MICHAEL Jackson’s photographer has condemned the director of bombshell documentary Leaving Neverland as a “perpetrator of lies”.
Harrison Funk is the latest ex-pal of the singer to speak out against the controversial HBO doc where accusers Wade Robson and James Safechuck have claimed the King of Pop abused them.
Safechuck, now 41, claims he was molested until the age of 14, including in a room at a train station on the Neverland Ranch.
But the singer’s estate family have called into question the accuracy of the documentary after it emerged a planning permission request for the building was lodged two years after the abuse was alleged to have happened.
Leaving Neverland director Dan Reed was forced into a seemingly embarrassing U-turn by the discrepancies in the dates.
Michael Jackson is "innocent until proven guilty" according to Madonna.
The singer broke her silence on the sex abuse allegations against her fellow music icon for the first time in a not-yet published interview with British Vogue.
In an excerpt seen by the Independent, Madonna admitted she had not yet seen the HBO documentary "Leaving Neverland", in which James Safechuck and Wade Robson claim they were molested by Jackson as children.
"I don't have a lynch-mob mentality, so in my mind, people are innocent until proven guilty," she said. "I've had a thousand accusations hurled at me that are not true. So my attitude when people tell me things about people is, 'Can you prove it?'"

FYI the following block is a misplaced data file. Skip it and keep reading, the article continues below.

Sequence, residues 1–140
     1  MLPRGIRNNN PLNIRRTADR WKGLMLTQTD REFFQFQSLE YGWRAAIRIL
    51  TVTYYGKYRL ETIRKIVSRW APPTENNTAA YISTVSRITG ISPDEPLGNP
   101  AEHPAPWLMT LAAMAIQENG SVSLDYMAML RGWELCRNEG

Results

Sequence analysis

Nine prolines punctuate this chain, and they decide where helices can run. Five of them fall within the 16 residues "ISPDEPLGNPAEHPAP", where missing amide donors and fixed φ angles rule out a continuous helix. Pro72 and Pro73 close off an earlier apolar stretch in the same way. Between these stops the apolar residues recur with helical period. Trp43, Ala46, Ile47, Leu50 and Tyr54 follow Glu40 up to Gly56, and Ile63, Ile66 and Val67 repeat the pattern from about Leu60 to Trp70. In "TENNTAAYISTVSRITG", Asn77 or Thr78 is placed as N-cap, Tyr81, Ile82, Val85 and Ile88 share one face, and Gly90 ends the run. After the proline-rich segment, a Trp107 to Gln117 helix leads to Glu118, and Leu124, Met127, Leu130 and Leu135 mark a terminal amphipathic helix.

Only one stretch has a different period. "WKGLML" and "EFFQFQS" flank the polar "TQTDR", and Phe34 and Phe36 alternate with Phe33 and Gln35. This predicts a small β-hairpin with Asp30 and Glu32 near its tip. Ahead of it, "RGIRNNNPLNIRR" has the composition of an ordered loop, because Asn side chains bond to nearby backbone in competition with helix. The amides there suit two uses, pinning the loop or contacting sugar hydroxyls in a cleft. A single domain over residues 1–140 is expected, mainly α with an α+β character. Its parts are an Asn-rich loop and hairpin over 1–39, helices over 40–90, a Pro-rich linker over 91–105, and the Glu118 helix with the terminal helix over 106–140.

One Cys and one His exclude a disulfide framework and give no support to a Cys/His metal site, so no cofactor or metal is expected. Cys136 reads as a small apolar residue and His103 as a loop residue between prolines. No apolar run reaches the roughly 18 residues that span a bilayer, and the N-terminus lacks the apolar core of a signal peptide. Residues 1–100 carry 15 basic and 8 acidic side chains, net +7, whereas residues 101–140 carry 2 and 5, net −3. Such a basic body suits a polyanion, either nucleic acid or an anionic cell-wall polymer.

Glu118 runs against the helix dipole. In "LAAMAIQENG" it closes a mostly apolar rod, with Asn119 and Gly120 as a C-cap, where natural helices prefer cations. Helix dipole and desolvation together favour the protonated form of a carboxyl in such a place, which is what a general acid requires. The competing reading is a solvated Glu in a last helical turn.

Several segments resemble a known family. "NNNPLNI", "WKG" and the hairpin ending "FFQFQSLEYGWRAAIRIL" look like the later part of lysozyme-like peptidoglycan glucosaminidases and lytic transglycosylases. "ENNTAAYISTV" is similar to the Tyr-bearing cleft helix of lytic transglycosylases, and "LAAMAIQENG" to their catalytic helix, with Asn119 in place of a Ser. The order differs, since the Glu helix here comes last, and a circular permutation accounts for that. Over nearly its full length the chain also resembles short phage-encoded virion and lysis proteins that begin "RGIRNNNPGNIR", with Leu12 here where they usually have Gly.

The dispute over Leaving Neverland, HBO's documentary detailing alleged child sex abuse by Michael Jackson, will stay in open court for now. Following a hearing last week, a federal judge on Tuesday decided to reject a motion from the Michael Jackson Estate to immediately throw the case to an arbitrator.
The Michael Jackson Estate sued HBO shortly before Leaving Neverland premiered March 3. The plaintiff alleges that the film constitutes a breach of a non-disparagement clause in a 27-year-old agreement, one that provided the pay network with rights to air a televised concert following the release of Jackson's album Dangerous. But the Michael Jackson Estate doesn't actually wish to litigate in open court. Instead, Jackson's heirs invoked an arbitration clause in that old deal and aimed to get a Los Angeles Superior Court judge to compel a showdown before the American Arbitration Association.
In response, HBO had the case removed from state to federal court in California. Characterizing the Michael Jackson Estate's whole legal endeavor as a "transparent effort to bolster their publicity campaign against the documentary" by skirting legal precedent against posthumous defamation claims, HBO denied there was any enforceable agreement that hadn't expired and actually covered Leaving Neverland. The AT&T subsidiary further argued that any over-reading of the 1992 contract would violate both its due process rights as well as the First Amendment.
The controversy surrounding documentary "Leaving Neverland" is "just a blip" according to Michael Jackson's former lawyer.
Thomas Mesereau, who successfully defended the late King of Pop against similar accusations in 2004, told TooFab exclusively that the damning HBO documentary will soon be forgotten about.
"I think his outstanding qualities will win out," he said on Wednesday night. "He was a great artist, a great person, honest, decent... I think in the end all the good qualities of Michael Jackson will prevail."